Browsing named entities in The Daily Dispatch: October 3, 1861., [Electronic resource]. You can also browse the collection for Paducah (Kentucky, United States) or search for Paducah (Kentucky, United States) in all documents.

Your search returned 2 results in 2 document sections:

d W. G. Overton, of the Louisville Courier, have been arrested, but Minister Preston has escaped. L. B. Munroe, U. S. District Judge, and L. B. Munroe, Jr., Secretary of State of Kentucky, have both resigned. They arrived here yesterday, having succeeded in making their escape. They report that Gen. Zollicoffer, a few days ago, captured nearly one thousand stand of arms intended for Union men. The Louisville Democrat, of the 27th, says that the bridge of barges over the Ohio, at Paducah, has been completed, and the boats used have been sent to Cincinnati. Memphis, October 1st.--The Avalanche's special Bowling Green dispatch says that Buckner took Hopkinsville yesterday, capturing 600 stand of arms and three cannon. Twelve hundred Federals fled. The Confederates were 2,000 strong. Nobody was hurt. The Lexington victory is confirmed. The capture of specie, prisoners, and property is immense. Nashville, Oct. 1--The Bowling Green correspondent of the Union a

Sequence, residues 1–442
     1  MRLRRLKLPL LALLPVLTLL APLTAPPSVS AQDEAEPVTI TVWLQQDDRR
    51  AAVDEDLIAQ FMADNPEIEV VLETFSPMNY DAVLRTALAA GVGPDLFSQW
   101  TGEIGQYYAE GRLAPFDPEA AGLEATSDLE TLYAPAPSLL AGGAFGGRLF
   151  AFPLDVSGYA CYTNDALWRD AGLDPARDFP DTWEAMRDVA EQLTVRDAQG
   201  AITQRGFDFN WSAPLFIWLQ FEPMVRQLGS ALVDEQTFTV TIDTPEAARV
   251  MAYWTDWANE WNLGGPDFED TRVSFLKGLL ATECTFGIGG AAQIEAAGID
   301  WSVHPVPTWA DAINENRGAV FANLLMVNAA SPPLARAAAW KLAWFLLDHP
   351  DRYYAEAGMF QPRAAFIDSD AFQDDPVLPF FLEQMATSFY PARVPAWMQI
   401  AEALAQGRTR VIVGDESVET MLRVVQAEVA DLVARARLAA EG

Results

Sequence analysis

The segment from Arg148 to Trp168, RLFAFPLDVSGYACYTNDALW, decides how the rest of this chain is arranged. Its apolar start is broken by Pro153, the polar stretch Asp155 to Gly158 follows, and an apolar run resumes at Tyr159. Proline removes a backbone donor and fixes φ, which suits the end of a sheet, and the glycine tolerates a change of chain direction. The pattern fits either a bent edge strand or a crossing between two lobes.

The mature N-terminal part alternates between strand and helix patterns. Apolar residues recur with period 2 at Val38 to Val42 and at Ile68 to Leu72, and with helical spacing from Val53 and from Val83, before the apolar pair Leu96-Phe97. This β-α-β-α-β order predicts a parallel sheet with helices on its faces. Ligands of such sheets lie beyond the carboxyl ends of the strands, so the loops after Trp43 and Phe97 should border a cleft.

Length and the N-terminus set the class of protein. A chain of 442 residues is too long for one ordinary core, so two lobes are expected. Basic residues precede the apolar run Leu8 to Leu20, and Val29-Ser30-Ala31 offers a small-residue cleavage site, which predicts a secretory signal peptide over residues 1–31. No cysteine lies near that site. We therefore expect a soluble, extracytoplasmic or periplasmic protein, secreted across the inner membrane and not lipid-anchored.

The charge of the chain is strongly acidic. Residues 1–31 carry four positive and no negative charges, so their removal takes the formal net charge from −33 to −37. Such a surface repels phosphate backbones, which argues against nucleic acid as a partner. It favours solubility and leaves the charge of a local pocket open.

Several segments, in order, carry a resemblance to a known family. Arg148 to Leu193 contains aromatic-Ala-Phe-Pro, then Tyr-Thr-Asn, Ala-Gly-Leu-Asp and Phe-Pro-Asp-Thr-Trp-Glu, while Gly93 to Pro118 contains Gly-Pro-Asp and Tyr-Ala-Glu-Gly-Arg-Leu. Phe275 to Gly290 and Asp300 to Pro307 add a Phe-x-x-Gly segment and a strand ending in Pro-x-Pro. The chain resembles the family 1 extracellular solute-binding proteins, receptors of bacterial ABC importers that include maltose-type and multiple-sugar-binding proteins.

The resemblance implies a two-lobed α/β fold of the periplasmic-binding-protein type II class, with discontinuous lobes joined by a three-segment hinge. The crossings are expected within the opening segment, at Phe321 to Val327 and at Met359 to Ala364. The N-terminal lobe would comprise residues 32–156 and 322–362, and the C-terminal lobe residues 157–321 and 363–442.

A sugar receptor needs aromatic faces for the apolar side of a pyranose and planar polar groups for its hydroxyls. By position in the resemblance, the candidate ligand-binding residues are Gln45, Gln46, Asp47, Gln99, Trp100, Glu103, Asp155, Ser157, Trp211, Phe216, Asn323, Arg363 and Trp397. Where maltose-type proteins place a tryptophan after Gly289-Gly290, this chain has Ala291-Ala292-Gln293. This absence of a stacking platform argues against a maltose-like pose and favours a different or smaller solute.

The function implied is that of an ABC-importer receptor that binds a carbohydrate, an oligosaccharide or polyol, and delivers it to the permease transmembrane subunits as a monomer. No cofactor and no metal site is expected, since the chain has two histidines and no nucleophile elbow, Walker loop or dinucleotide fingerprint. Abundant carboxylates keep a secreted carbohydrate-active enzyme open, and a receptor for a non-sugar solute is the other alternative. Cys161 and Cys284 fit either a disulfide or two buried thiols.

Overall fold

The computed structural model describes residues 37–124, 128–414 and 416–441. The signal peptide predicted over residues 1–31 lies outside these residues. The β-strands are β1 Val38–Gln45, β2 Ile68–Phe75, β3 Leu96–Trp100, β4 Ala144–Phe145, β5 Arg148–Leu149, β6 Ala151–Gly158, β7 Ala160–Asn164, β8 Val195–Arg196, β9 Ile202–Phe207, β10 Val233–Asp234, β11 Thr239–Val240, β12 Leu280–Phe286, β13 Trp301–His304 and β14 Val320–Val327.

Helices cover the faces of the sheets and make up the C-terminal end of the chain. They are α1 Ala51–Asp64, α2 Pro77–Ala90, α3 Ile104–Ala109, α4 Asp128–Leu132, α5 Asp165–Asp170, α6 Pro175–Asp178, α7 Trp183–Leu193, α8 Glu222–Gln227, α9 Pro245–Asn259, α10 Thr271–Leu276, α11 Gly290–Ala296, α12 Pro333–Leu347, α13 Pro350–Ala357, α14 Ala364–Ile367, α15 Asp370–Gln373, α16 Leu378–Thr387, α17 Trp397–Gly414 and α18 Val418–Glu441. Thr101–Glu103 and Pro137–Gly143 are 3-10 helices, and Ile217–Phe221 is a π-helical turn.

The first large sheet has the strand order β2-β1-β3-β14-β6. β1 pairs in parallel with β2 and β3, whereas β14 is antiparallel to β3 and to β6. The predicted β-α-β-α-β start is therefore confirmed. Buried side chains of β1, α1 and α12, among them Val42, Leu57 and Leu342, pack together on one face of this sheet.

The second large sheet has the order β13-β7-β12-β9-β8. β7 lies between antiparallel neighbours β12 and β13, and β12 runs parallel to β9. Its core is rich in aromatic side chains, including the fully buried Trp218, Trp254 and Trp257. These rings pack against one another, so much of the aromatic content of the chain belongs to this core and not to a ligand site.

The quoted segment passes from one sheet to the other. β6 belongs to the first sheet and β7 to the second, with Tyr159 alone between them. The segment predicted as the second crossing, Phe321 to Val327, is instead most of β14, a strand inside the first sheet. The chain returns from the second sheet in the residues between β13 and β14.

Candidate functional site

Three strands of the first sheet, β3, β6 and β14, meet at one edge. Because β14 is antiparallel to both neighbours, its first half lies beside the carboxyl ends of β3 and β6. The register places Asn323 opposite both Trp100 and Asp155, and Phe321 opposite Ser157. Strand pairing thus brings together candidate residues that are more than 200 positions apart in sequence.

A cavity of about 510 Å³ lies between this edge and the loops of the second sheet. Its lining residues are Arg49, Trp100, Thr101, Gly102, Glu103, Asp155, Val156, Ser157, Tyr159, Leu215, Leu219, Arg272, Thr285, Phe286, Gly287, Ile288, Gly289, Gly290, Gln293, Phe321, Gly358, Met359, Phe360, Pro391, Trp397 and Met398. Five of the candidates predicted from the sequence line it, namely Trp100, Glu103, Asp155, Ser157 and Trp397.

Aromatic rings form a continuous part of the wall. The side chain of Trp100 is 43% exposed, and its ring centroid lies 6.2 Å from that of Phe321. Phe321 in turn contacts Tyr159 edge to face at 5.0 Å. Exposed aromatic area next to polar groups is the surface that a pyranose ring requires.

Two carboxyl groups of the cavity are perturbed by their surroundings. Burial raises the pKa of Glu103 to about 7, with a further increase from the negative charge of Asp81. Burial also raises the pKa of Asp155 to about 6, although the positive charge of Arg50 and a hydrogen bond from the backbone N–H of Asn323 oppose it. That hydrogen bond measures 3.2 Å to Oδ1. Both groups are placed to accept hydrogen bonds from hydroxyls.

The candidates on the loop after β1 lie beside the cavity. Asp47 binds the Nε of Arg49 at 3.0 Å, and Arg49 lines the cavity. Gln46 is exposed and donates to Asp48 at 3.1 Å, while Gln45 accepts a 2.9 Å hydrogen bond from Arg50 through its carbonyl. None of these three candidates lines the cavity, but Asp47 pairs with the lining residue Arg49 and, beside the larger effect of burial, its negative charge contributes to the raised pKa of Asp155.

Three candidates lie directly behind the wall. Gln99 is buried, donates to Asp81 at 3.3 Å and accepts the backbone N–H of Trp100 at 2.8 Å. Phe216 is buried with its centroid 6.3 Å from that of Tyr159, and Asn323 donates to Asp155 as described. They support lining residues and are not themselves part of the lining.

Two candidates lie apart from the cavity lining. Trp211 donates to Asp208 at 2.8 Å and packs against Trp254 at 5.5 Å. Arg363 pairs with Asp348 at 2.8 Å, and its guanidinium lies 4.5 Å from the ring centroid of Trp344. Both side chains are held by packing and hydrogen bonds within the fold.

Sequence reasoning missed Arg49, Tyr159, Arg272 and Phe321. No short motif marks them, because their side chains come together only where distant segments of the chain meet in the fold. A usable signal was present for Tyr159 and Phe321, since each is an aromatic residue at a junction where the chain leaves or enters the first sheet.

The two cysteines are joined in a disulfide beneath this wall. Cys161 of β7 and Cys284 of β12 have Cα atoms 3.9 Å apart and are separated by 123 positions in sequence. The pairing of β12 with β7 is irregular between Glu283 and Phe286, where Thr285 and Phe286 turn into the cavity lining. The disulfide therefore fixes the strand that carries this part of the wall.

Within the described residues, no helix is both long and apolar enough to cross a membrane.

Capt. Ben. F. Egan arrived in our city yesterday, direct from Smithland, and gives us information in regard to the landing of the Hessians, which he witnessed. The steamer Empress came up the Ohio river on Tuesday evening, 24th inst., with a regiment of infantry, and a company of cavalry, Federal troops, who disembarked and quietly took possession of the town. The citizens made no resistance; the women and children, however, welcomed them with oft-repeated cheers for Jeff. Davis. The officer issued no proclamation, nor held any communication whatever with the citizens. The entire command were evidently in great fear and alarm, and one hundred determined men could have put the whole pack of them to flight. Capt. Egan informs us that there are only 8,500 hogs at Paducah, and that they are in constant fear and alarm of an attack, and that they have fortified themselves by digging a ditch on one side of the town, and a bridge of boats over the river to secure their flight.